Welcome! This is the lab webpage of the theoretical neuroscience group at the Central Institute of Mental Health in Mannheim.
We follow four major lines of research:
Statistical Machine Learning & Dynamical Systems
We develop novel machine learning approaches for data analysis from a theory-driven statistical perspective. Our focus is on the analysis of high-dimensional and multimodal time series, such as brain signals or mobile data, with the major goal of identifying the underlying dynamical system that generated the observed time series.
Our major methodological framework for modeling and predicting such time series, and integrating them with other data, are deep generative recurrent neural networks (RNN; e.g. Koppe et al. 2019, PLoS Comp Biol).
Our method aims at reconstructing complex nonlinear dynamical systems with multiple time scales, using a range of training algorithms.
We have also developed novel machine learning tools and statistical tests for unsupervised spatio-temporal pattern detection in non-stationary environments (e.g. Russo & Durstewitz 2017, eLife), which we apply, for instance, to simultaneous electrophysiological recordings from tens to hundreds of neurons for decoding cognitive processes from neural activity.
Computational Psychiatry & Biomedical Data Analysis
We apply our innovative methodology for diagnostic and prognostic (predictive) purposes in psychiatry and neurology, but also to gain insight into underlying disease mechanisms. For instance, based on generative RNNs we can infer dynamical models of an individual’s brain from functional magnetic resonance imaging (fMRI), electroencephalographic (EEG), or magnetoencephalographic (MEG) measurements (e.g. Durstewitz et al. 2019, Molecular Psychiatry), or dynamical models of an individual’s behavior from mobile sensors and smartphone data (e.g. Koppe et al. 2018, Schiz. Bulletin), for which we develop algorithms for the integration of multiple data modalities (Kramer et al., 2022).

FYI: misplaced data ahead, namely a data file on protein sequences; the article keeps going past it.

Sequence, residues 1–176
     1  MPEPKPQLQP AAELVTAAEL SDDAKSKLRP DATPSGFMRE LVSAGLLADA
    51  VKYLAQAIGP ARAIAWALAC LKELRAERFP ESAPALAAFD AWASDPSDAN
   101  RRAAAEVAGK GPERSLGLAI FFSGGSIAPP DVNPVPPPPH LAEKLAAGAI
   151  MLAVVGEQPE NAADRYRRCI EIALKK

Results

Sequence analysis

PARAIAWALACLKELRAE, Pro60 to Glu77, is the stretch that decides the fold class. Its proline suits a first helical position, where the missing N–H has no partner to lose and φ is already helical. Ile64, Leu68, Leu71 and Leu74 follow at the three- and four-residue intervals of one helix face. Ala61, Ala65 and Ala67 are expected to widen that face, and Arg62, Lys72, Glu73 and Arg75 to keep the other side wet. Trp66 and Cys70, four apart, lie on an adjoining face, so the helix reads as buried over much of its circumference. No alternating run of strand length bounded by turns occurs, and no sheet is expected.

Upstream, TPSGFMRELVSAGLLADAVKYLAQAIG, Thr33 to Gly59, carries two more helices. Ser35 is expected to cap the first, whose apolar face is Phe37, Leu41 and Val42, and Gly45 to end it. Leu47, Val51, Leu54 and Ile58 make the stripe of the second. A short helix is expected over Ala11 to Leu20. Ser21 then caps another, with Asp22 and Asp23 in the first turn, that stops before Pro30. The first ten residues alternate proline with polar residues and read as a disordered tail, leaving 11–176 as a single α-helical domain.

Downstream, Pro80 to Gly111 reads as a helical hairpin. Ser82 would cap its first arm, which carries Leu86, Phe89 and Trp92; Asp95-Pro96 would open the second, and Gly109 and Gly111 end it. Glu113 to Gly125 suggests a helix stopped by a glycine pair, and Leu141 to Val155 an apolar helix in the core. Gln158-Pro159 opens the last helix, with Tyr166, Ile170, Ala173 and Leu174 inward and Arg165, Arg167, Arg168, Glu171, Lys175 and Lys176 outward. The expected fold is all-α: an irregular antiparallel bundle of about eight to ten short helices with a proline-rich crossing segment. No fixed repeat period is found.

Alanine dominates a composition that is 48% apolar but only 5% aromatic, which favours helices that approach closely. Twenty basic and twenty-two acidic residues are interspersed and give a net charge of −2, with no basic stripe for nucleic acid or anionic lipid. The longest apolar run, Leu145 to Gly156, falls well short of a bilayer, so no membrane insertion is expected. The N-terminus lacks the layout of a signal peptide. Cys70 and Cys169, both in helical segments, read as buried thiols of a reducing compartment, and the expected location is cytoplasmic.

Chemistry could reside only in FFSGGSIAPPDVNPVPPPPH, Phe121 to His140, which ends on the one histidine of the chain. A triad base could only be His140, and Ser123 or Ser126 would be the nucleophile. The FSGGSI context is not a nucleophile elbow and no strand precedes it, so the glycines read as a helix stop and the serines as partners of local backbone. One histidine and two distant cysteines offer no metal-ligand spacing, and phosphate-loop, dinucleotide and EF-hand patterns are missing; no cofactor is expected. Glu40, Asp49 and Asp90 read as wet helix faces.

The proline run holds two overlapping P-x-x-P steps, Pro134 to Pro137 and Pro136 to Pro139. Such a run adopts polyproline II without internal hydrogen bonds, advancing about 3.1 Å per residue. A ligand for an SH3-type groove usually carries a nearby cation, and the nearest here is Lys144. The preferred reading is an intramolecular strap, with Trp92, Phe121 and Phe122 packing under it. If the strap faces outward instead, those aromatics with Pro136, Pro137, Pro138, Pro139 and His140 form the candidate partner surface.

Such RNN-based dynamical systems models, trained on individual subjects, can then be used to forecast future behavioral or neuronal trajectories to enable early intervention. They can also be simulated to study the effect of potential pharmacological or behavioral treatments. In addition, we use formal reinforcement learning models of behavior to study learning processes in psychiatric conditions (e.g. Koppe et al. 2017 PLoS Biol).
We further aim at advancing our mathematical understanding of the reconstructed models, e.g. by investigating how ReLU-based recurrent neural networks can be transformed from discrete-time to continuous-time systems (Monfared&Durstewitz, 2020), how we can reduce the dimensionality of the reconstructed systems (Brenner et al. 2022), or how we can guarantee analytical access to important dynamical systems properties such as fixed points and limit cycles.
Mathematical Models & Computational Dynamics of the Brain
We also develop mathematical models of brain function at a more biophysical level (e.g., Hass et al. 2016, PLoS Comp Biol), as well as statistical approaches for inferring such models directly from experimental observations like multi-cell recordings or neuroimaging data (e.g. Hertäg et al. 2012, Front Comp Neurosci). These strongly data-driven models are then used to gain insight into the neuro-dynamical and neuro-computational processes underlying cognitive function, and in how these are altered in psychiatric conditions. Such models can be harvested to derive novel diagnostic and prognostic criteria for psychiatric and neurological conditions, and for devising more effective and individualized treatment options.